Deus Ex developer Eidos Montréal very nearly made Final Fantasy 15. The studio was put in charge of Square Enix’s flagship JRPG project – until the publisher changed its mind and took it back home.
Eidos Montréal worked on Final Fantasy 15 after Deus Ex Mankind Divided, which was its final entry in the series. Development was already underway in Canada when the decision was made, according to former Montréal staffer Jonathan Jacque-Belletête. “Then they decided to bring it back to Japan,” he told TrueAchievements (opens in new tab). “Which I think was a big mistake, but it’s still the truth. Ours was really, really cool.”
Since then, the Montréal studio has released a Tomb Raider sequel and Guardians of the Galaxy – the latter of which earned four stars from our Vic for its “heartfelt and witty story”.
The studio would have been the first ever Western developer to put out a mainline Final Fantasy game. In the event, however, Final Fantasy 15 was entrusted to Square Enix’s Business Division 2 – a classically named Japanese developer – and led by director Hajime Tabata. It launched in 2016 to largely positive reviews.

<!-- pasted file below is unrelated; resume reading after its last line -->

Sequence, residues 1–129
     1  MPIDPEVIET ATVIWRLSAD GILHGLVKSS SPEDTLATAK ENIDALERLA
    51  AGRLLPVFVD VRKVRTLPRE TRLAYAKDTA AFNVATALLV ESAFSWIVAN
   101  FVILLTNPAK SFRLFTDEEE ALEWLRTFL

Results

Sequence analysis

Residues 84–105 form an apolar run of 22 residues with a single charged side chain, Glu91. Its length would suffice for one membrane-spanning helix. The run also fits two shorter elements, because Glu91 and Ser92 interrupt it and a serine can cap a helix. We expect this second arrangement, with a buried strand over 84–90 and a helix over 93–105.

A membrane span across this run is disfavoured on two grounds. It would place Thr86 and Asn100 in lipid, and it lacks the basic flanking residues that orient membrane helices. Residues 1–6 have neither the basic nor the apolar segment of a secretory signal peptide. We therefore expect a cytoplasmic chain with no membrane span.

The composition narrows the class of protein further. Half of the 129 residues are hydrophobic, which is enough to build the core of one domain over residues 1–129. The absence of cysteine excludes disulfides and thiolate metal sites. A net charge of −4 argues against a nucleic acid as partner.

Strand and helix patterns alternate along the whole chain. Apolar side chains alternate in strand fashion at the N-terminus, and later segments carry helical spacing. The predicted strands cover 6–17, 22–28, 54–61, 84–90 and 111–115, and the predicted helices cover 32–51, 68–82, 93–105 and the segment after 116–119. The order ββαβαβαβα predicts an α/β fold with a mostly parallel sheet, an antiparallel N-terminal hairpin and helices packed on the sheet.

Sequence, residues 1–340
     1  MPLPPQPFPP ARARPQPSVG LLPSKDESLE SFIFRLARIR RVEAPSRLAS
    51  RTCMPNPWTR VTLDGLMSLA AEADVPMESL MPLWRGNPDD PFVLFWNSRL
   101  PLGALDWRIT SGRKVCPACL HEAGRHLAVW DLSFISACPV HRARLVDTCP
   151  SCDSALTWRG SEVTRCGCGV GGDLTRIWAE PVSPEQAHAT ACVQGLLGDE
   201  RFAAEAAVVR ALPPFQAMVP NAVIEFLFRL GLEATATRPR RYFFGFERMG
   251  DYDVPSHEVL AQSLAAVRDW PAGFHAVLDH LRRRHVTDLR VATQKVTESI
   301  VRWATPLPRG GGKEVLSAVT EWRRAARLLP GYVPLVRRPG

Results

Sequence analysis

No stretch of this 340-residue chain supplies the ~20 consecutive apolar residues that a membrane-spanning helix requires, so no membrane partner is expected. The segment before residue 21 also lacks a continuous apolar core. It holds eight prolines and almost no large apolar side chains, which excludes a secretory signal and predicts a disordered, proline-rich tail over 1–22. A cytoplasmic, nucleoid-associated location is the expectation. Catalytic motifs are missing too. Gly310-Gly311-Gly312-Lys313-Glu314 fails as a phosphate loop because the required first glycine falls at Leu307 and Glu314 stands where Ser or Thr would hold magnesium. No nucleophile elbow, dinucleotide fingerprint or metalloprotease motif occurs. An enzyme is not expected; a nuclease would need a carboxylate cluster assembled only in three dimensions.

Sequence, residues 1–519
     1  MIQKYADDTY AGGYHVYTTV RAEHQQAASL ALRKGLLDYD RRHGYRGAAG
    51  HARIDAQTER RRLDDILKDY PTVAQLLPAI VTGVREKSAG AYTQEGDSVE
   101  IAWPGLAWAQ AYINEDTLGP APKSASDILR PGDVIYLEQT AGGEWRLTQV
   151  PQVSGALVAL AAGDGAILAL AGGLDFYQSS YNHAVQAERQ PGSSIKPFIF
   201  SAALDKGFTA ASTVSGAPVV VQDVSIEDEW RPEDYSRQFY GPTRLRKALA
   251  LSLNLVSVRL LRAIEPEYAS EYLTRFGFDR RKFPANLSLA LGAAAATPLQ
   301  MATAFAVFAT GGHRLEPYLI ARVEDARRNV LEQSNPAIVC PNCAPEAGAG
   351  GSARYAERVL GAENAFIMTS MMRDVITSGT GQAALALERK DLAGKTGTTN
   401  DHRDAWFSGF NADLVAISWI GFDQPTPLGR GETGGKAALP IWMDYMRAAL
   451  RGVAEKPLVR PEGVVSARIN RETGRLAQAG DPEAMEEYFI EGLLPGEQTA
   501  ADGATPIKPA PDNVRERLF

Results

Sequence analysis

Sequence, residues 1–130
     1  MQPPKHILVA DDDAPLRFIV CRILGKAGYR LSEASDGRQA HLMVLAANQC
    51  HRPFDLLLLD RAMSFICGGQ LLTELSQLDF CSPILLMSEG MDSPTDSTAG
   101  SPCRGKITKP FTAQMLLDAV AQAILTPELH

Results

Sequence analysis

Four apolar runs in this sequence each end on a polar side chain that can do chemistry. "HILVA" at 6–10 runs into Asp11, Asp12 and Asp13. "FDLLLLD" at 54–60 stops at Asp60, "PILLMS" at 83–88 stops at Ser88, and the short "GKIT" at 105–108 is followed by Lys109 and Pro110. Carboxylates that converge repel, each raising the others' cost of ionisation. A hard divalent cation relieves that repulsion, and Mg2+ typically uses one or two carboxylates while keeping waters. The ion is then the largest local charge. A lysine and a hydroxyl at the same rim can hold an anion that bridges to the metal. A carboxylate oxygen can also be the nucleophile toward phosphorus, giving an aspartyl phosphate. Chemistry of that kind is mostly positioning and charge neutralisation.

Though all of this unfolded several years ago, it’s a story all too relevant today – emblematic of Square Enix’s failure to fold its Western studios into the mothership in Japan. That failure appeared to culminate this year in the sale of the publisher’s entire Western division to Embracer Group for $300m – a fairly measly sum in the context of games industry consolidation.
Over the years, Square Enix has more than once lamented the performance of games from Crystal Dynamics and Eidos Montréal – to the point where “failed to meet expectations” is almost a meme associated with the company. And in recent years, it’s struggled to find the best use of those studios’ talents – throwing their weight behind a push into licensed Marvel games that hasn’t panned out financially. Now, finally, it’s thrown in the towel.
Square Enix acquired venerable British publisher Eidos, along with Deus Ex and Tomb Raider, back in 2009 – but you could argue that the two companies never truly merged. Their most famous properties never crossed the membrane, remaining in their continents of origin. Such separation is increasingly unusual in the AAA landscape, where escalating team sizes have seen blockbusters become multi-studio projects developed across multiple time zones.
Whatever paradigm-breaking rethink Eidos Montréal could have offered Final Fantasy – or Business Division 2 offered Tomb Raider, for that matter – never emerged. Though it is worth noting that Square Enix’s CGI team in Japan did a fantastic job with Deus Ex: Human Revolution’s cinematics. We’ll always have those, though we didn’t ask for them.